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FX round-up: Sterling ends mixed after second Scotland independence vote worries abate

By Andrew Schonberg

Date: Monday 27 Feb 2017

FX round-up: Sterling ends mixed after second Scotland independence vote worries abate

(ShareCast News) - Sterling put in a mixed turn on key crosses Monday with this morning's weakness versus the US dollar recouped after worries about a second Scottish independence referendum stoked in the weekend press abated.
At 17:29 GMT, sterling was up 0.02% to $1.2465, and down 0.51% to €1.1737. The dollar-spot index fell 0.3% to $100.790.

Weekend reports that Scotland may call another divorce vote after the UK has quit the EU saw an early sterling sell-off, perhaps exacerbated by a dearth of UK economic news until later this week.

"It is ... strange that traders have all of a sudden become spooked by something that has always been a concern, and is likely to continue to be so," said Michael Hewson, chief market analyst at CMC Markets UK.

"This speculation about another referendum is unlikely to ever go away, whatever the circumstances," he added.

Sterling was also down on the aussie, kiwi and rand, but rose on the loonie and yen. While the euro slipped on sterling and the dollar, the single currency was up 0.44% to 1.0610 in its cross versus the US dollar.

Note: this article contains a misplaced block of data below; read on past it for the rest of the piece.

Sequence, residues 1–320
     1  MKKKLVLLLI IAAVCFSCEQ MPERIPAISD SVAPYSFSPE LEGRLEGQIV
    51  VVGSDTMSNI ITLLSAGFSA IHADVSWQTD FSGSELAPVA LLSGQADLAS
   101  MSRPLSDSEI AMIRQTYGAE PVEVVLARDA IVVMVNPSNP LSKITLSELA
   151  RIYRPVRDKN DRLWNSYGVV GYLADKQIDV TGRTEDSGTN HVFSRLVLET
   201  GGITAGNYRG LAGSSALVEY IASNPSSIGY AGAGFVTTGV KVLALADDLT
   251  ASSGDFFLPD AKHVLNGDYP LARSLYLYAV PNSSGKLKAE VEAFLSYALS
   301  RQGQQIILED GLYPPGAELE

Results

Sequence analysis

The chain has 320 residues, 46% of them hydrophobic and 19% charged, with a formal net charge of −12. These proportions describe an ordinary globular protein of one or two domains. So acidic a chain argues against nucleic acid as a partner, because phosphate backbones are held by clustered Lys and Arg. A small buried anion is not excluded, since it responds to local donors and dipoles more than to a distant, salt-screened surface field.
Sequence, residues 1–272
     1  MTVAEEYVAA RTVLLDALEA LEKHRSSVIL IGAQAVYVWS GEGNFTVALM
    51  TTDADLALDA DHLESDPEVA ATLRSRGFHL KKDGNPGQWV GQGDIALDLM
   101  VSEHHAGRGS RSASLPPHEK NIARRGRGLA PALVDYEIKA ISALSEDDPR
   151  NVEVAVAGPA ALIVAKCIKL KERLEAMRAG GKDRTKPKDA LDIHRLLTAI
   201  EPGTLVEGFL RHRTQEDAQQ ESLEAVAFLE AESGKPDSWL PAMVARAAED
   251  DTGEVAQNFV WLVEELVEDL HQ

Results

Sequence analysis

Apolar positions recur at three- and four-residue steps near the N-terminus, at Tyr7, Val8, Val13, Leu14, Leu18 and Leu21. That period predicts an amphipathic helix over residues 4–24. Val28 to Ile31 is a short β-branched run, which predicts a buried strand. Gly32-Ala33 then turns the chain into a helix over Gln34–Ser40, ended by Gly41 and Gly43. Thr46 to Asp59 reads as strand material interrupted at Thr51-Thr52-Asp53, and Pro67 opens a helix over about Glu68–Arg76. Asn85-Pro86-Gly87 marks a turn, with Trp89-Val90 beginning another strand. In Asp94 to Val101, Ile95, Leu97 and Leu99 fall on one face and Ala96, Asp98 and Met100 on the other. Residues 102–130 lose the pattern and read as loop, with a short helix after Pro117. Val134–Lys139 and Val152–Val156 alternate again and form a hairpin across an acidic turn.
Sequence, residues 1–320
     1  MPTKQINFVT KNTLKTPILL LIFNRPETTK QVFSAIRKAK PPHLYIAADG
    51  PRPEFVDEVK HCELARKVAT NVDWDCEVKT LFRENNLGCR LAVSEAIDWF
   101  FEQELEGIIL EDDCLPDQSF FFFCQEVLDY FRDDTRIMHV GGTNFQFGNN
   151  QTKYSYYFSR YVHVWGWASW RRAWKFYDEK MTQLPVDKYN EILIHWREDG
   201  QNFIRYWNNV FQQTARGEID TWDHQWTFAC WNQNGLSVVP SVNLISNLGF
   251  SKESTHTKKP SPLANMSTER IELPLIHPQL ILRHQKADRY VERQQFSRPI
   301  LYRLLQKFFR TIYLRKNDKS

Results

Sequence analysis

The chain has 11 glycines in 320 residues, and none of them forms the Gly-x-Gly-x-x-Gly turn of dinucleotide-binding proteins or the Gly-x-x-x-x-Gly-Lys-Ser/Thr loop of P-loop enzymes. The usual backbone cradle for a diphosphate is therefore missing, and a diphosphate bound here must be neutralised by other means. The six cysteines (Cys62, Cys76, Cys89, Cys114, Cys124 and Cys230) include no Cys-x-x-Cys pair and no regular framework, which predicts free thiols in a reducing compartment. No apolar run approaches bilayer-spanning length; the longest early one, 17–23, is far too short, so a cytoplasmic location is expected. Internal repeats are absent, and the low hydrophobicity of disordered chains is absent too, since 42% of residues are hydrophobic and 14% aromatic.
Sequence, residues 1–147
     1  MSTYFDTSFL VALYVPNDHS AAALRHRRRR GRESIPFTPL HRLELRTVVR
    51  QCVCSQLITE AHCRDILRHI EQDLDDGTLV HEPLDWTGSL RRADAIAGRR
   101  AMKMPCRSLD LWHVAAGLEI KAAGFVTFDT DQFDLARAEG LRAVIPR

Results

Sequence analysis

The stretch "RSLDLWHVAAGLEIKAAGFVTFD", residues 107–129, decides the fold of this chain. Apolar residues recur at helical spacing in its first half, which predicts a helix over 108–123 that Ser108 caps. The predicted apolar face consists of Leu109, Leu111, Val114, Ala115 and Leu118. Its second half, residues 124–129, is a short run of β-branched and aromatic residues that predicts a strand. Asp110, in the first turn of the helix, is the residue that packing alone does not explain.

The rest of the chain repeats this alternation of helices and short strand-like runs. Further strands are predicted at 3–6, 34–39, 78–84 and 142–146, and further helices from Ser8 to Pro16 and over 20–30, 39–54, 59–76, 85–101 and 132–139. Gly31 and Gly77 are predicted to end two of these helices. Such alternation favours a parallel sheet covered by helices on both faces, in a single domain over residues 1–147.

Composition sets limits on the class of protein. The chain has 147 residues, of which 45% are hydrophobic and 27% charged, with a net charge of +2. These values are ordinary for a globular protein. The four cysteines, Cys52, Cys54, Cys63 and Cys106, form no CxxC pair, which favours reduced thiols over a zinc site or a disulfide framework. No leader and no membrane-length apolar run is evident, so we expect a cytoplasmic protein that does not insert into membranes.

"After the euro's morning surge thanks to a decent region-wide consumer confidence figure and the subsequent suppression of interest in the DAX and CAC, nothing really shifted as the day went on," said Spreadex financial analyst Connor Campbell.

On the data front, the European Central Bank's M3 money supply data fell to an annualised pace of 4.9% in January, from 5% a month earlier (consensus: 4.8%).

The annual growth in household loans grew to 2.2% in January up from 2.0% in December. Loans to non-financial businesses were unchanged at 2.3% in January, a seven-year high.

The European Commission's economic sentiment index for the Eurozone rose to 108 in February from 107.9 last month, well above the long-term average of 100.

The market remains altogether cautious about the political landscapes in France and Italy, particularly so in the face of the Greece debt saga and UK's Brexit ambitions.

Finally, the greenback was another major currency trading mixed on Monday, with the market unsure about the timing of possible US Fed Reserve interest-rate hikes, and ahead of US President Donald Trump's speech to Congress on Tuesday.

"The US dollar has had a mixed day as uncertainty over what may come out of tomorrow's speech keeps investors on the back foot," said Hewson.

"The prospect of any sort tax reform has receded after President Trump admitted that he couldn't look at that until an Obamacare replacement plan had been sketched out," he added.

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